Banking Guest Posts

Tips to Fight Vender Impersonation Fraud in 2021

Paymerang CFO Shares Tips to Fight Vender Impersonation Fraud

The dual mandate of the finance and accounting team in my company is to support business growth and help mitigate against risk. 

Due to the significant increase in people working remotely because of COVID-19, there has been a massive rise in vendor impersonation fraud. Through May of 2020, the Internet Crime Complaint Center (IC3) had received almost as many complaints year-to-date, as in all of 20191

The pandemic has created the perfect storm to distract and confuse those responsible for paying invoices. This makes businesses of all types and sizes more vulnerable to fraud that is perpetrated via phony invoices or payment inquiries that attempt to redirect funds to the fraudsters’ bank account.

Also Read: How Data-driven Fintech Innovation Can Help Businesses Thrive In 2021

At Paymerang, we hold workshops with our clients to help them identify vendor impersonations. We’ve learned that the “bad guys” are very clever and their fraudulent schemes can seem quite plausible. While email is the most common form of attack, a phony payment request can also come by phone, fax or snail-mail. 

Also Read: A Purpose-Driven Banking For The Post Pandemic World

To avoid being victimized by vendor impersonation fraud, it’s important to ensure that everyone on your team is hyper-vigilant and armed with some helpful tips to fight fraud:

  • Be alert when asked to send payments to new accounts or new destinations other than what’s on file. Don’t be hesitant to confirm or authenticate the person sending the correspondence. When in doubt, call the vendor’s phone number on file to verify, not the phone number in the inbound communication as it might be fraudulent.
  • Match any requests for payments with a valid invoice and verify the authenticity of the invoice if any information about the payment process has changed.
  • Don’t assume others in your organization have verified the identity of a vendor. Be equally aware of emails forwarded from an internal employee requesting payment changes to existing vendors.
  • Be aware of emails with invoices coming from a public domain, such as @gmail.com, instead of from the company domain.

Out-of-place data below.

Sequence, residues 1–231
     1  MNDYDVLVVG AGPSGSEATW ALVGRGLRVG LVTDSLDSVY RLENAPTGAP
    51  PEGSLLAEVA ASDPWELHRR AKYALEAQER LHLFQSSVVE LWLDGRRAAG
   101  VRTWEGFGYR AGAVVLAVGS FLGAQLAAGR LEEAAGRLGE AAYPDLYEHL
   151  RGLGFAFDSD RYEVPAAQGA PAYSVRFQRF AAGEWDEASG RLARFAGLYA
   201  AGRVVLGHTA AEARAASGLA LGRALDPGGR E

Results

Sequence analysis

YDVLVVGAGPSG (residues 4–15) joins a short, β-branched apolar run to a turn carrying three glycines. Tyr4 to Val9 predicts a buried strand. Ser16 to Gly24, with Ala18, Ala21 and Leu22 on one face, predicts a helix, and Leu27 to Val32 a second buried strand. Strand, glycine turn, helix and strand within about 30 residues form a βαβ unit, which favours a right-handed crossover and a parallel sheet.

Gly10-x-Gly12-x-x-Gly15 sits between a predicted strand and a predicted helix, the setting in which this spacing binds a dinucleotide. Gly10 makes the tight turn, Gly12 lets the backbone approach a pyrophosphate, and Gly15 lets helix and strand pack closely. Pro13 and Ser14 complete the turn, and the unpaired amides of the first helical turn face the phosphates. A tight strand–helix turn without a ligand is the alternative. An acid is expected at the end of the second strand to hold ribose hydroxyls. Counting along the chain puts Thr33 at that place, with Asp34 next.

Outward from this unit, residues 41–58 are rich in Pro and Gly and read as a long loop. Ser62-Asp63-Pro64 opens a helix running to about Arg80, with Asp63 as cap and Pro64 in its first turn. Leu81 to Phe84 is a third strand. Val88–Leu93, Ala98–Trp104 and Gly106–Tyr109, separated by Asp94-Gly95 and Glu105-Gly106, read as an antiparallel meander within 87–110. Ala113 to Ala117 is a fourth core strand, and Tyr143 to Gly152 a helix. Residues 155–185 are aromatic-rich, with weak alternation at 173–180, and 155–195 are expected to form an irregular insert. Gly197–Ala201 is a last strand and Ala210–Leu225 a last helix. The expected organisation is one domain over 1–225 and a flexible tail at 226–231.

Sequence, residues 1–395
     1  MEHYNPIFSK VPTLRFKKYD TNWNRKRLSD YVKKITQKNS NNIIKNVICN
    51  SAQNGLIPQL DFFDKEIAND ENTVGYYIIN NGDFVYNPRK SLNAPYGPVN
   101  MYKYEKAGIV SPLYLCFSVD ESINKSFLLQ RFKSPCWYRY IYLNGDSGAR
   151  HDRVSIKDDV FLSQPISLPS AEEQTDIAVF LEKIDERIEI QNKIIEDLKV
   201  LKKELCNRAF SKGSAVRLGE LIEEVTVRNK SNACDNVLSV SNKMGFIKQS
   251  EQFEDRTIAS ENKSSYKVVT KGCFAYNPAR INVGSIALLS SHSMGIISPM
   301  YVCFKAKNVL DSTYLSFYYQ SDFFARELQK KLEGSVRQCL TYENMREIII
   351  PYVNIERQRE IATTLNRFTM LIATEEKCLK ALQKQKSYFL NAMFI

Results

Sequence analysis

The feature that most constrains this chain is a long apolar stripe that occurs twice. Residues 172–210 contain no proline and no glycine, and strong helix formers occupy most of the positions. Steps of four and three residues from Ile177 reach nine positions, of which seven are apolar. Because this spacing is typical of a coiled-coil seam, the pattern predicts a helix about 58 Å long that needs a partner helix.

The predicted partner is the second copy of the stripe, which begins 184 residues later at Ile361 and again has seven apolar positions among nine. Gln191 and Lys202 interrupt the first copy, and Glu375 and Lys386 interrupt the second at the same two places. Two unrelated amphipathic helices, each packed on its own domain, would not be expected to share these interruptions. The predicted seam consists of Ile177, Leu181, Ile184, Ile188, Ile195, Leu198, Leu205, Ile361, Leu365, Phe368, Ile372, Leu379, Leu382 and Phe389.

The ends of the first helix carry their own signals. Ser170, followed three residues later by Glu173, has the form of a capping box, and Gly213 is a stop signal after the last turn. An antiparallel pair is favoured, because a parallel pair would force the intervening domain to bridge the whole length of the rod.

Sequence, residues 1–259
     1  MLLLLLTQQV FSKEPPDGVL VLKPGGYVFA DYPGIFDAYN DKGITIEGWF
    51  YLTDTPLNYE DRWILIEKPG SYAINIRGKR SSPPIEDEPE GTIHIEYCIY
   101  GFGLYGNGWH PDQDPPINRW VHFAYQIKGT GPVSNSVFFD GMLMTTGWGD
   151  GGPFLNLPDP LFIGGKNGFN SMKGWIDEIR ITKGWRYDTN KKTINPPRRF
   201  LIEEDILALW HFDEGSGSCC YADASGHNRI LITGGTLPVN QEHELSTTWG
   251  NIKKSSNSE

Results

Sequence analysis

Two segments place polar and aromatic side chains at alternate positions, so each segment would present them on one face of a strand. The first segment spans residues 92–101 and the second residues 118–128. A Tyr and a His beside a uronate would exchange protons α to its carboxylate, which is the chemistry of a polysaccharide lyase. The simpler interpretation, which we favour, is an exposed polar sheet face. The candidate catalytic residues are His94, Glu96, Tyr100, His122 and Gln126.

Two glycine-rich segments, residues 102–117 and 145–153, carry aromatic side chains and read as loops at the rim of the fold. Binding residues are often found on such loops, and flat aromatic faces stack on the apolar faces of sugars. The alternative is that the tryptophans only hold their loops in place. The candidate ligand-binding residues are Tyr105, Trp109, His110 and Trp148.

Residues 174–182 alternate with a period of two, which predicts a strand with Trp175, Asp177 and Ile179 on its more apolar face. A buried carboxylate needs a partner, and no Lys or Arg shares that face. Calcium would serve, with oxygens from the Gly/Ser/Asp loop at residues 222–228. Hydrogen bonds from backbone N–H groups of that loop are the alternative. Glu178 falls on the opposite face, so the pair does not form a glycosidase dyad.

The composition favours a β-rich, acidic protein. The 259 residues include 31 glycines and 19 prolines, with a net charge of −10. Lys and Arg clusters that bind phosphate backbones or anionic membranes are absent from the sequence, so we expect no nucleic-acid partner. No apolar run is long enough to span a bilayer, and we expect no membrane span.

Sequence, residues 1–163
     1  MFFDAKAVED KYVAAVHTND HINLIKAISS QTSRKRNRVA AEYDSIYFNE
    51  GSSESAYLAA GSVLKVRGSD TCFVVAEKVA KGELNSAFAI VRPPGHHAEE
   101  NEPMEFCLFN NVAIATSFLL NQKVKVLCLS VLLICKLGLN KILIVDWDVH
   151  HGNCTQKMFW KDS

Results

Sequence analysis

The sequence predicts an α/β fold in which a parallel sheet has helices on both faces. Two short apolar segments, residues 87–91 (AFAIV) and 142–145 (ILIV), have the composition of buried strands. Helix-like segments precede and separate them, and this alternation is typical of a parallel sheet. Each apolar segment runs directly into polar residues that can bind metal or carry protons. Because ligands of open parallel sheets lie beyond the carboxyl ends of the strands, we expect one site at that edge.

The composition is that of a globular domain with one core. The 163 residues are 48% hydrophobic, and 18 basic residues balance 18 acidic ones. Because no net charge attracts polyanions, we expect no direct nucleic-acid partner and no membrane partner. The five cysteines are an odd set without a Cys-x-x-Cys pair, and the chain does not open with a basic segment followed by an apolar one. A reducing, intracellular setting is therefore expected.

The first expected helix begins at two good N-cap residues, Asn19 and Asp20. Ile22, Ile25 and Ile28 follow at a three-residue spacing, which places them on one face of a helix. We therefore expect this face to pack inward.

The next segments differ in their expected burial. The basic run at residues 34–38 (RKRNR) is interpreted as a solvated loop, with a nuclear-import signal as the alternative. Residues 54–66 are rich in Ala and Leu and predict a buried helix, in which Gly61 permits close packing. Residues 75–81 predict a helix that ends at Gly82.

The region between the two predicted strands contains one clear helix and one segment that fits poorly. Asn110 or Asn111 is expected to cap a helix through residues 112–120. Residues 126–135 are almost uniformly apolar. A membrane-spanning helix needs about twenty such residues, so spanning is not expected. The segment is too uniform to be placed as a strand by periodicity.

• If a false sense of urgency is being created by a “vendor” aggressively requesting payment, slow down; be especially cautious of last-minute wire or ACH information changes. During this pandemic, real vendors understand that delays may happen and they are much more lenient on payment deadlines or charging late fees.
  • Notice changes in tone, style or word choice that seem out of character from previous correspondence.
  • Look for subtle spelling changes in an email address which indicate the communication isn’t coming from your actual vendor.
  • Question requests to submit vendor payments to a specific individual.
  • Do not use the “reply” or “reply all” options when authenticating emails for payment requests. Instead, use the “forward” option and type in the email address on file.
  • Make vendor payment forms (i.e. ACH authorization forms) available only via secure means or to known entities.
  • Do not store your vendor’s banking information in easy to access places – such as spreadsheets or as a note in your accounting software.
  • Require that changes to payment account information be made or confirmed only by authorized managers.
  • Educate and train all employees to recognize fraudulent activities, question discrepancies or suspicious requests for payment, and authenticate any changes to payment instructions. 

In a world where payment scams are becoming increasingly prevalent and sophisticated, CFOs play an instrumental role in fighting fraud, and they must work diligently to ensure that procedures and operations stay safe and secure.

Also Read: Three Ways To Fight Bank Fraud

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